The Superior Court of Justice of Madrid has confirmed the order of costs to the PP of Madrid for its complaint against Carlos Sánchez Mato and Celia Mayer in the so-called Open tennis case, in which the former councilors of Ahora Madrid were acquitted. The PP had appealed the costs corresponding to the three defendants who were imposed from the Provincial Court of Madrid on the PP of José Luis Martínez Almeida –current mayor of Madrid– and maintains that the ‘popular’ acted “recklessly”. The TSJM, however, partially upholds the appeal of the PP and exempts them from having acted in “bad faith” on the understanding that for this it would have to be shown that the PP maintained the accusation in order to persecute the defendants, sitting them on the bench, even though he knows that they have not committed any crime.
The court considers “proven” the facts declared in the ruling of the provincial court that acquitted Sánchez Mato and Mayer, such as that their behavior was “scrupulous and responsible in the performance of the public functions for which they had been appointed.” The magistrates maintain that the PP acted “recklessly” and defends that they had “an illogical stubbornness” despite the “inconsistency of the alleged prosecution evidence, not paying attention to relevant data that excluded their criminal relevance.”
The proven facts of the Provincial Court established that the exediles acted because there were “founded and reasonable doubts” about the legality of these contracts, and that they acted “with the sole purpose of protecting public interests.” A 106-page resolution that described as “sincere and convincing” the statement of the three defendants against the accusations of the Popular Party. An accusation that, in the case of Celia Mayer, was so “generalist” that it caused the current adviser “defenselessness”.
The legal case investigated the external legal reports that both commissioned as senior officials of Madrid Destino and that supported a complaint before the Anti-Corruption Prosecutor’s Office against the Alberto Ruiz-Gallardón City Council for the contracts he signed with Madrid Trophy Promotion (MTP). According to the PP’s complaint, which was dismissed outright, there was a crime in the commissioning of two external reports to denounce the aforementioned alleged criminal irregularities in the agreement signed by the Madrid City Council at the time of Gallardón.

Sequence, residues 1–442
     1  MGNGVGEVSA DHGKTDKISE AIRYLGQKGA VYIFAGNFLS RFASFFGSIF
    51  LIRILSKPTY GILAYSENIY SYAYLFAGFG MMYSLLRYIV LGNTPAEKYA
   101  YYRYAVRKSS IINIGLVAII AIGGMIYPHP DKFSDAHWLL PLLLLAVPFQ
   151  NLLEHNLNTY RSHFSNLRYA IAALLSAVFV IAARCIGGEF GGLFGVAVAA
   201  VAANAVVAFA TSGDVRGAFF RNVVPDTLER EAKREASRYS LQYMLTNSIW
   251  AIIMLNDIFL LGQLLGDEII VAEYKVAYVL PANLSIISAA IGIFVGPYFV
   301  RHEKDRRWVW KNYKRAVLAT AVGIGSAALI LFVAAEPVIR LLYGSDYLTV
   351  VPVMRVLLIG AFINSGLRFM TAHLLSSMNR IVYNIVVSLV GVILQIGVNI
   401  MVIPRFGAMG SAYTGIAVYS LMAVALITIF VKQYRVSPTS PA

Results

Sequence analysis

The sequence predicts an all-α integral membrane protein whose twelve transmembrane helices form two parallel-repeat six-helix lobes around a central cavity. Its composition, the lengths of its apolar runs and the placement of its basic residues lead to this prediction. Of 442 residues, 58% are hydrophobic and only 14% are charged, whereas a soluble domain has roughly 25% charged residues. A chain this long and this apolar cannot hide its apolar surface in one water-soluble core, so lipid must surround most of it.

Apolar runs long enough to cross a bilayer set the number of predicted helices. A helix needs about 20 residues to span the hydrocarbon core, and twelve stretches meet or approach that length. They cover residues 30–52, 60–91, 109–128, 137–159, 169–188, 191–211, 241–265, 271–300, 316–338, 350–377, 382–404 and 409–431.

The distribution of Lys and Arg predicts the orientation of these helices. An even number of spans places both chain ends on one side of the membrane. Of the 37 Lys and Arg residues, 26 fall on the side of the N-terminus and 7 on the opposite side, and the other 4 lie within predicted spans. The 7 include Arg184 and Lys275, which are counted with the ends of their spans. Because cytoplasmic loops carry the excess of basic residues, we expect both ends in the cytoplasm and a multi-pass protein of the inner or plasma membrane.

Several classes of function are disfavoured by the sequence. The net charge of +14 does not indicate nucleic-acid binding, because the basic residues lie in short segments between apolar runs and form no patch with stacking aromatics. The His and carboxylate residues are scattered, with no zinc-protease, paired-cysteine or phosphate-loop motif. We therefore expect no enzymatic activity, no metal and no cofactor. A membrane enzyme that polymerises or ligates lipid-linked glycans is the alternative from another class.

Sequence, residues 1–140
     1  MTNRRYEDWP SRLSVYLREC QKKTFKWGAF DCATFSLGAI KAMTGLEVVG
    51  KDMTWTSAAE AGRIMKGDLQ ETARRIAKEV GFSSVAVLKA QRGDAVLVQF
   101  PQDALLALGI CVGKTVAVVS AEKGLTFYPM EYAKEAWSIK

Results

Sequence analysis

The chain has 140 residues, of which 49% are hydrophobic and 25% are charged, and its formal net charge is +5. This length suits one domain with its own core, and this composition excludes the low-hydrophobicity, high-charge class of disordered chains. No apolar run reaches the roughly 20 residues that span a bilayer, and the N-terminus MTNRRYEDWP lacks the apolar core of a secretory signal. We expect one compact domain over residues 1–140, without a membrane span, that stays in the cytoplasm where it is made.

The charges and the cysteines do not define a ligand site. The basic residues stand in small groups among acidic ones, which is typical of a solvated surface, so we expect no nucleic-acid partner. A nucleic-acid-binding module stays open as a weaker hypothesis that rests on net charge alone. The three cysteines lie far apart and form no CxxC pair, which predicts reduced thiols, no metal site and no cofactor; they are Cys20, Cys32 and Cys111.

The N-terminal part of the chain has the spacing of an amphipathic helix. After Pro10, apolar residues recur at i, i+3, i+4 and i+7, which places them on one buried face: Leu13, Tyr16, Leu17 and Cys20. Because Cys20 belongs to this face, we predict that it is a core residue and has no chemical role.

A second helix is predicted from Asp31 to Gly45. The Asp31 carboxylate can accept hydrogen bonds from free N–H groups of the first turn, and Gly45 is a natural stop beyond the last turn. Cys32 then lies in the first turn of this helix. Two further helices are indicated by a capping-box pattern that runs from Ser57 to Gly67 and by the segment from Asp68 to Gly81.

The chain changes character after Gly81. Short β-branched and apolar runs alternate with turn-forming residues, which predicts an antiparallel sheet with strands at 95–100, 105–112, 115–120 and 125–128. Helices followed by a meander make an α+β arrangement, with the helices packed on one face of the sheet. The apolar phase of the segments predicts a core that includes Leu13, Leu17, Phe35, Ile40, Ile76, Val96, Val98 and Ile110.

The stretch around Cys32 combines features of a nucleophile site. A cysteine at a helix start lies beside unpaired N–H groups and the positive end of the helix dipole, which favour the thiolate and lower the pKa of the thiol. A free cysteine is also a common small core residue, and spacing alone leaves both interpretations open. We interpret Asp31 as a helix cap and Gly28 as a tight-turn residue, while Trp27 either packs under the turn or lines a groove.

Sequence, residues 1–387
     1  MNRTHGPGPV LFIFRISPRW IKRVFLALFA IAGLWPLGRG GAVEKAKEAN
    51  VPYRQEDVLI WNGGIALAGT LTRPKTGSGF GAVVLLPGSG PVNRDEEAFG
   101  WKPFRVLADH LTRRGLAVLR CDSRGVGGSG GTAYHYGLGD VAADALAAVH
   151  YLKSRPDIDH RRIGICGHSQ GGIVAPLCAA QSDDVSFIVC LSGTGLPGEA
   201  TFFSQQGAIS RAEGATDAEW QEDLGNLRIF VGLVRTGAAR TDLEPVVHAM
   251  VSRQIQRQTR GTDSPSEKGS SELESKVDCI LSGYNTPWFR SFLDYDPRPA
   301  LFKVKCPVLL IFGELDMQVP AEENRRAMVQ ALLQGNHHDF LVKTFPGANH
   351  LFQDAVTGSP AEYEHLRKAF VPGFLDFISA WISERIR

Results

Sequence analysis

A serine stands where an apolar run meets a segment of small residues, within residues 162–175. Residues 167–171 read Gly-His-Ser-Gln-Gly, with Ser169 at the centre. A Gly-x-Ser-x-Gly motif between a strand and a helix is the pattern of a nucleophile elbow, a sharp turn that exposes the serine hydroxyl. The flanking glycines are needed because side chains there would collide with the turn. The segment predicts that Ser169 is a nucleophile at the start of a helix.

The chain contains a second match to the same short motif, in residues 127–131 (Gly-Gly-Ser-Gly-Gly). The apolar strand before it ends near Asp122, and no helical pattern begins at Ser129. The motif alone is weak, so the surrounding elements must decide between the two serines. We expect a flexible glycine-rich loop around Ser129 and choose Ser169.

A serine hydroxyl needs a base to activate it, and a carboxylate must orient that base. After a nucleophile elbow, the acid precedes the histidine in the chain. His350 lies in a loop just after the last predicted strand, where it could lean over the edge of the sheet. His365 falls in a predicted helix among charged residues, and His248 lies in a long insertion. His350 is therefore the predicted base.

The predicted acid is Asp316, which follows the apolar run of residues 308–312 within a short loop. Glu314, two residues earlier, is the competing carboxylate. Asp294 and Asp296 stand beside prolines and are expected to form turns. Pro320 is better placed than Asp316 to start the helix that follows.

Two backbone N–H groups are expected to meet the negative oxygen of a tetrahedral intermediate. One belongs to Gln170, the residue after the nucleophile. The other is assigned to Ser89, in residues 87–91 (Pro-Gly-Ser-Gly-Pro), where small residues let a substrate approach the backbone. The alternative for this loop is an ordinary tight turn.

Both the decision to prepare reports on these contracts with the MTP company and the hiring of external legal advisors for which the PP accused of crimes of prevarication and embezzlement, the Madrid Court considered that they were justified by the economic dimension of the matter. Not doing anything as the PP defended in its complaint, say the judges, would have meant “turning one’s back and submissively accepting the correctness of the entire process.”
The Superior Court now ratifies all proven facts and therefore maintains the costs of the three defendants (the former councilors and also Ana Varela, the then CEO of the Madrid Destino municipal company). It exempts the PP, notwithstanding the procedural bad faith.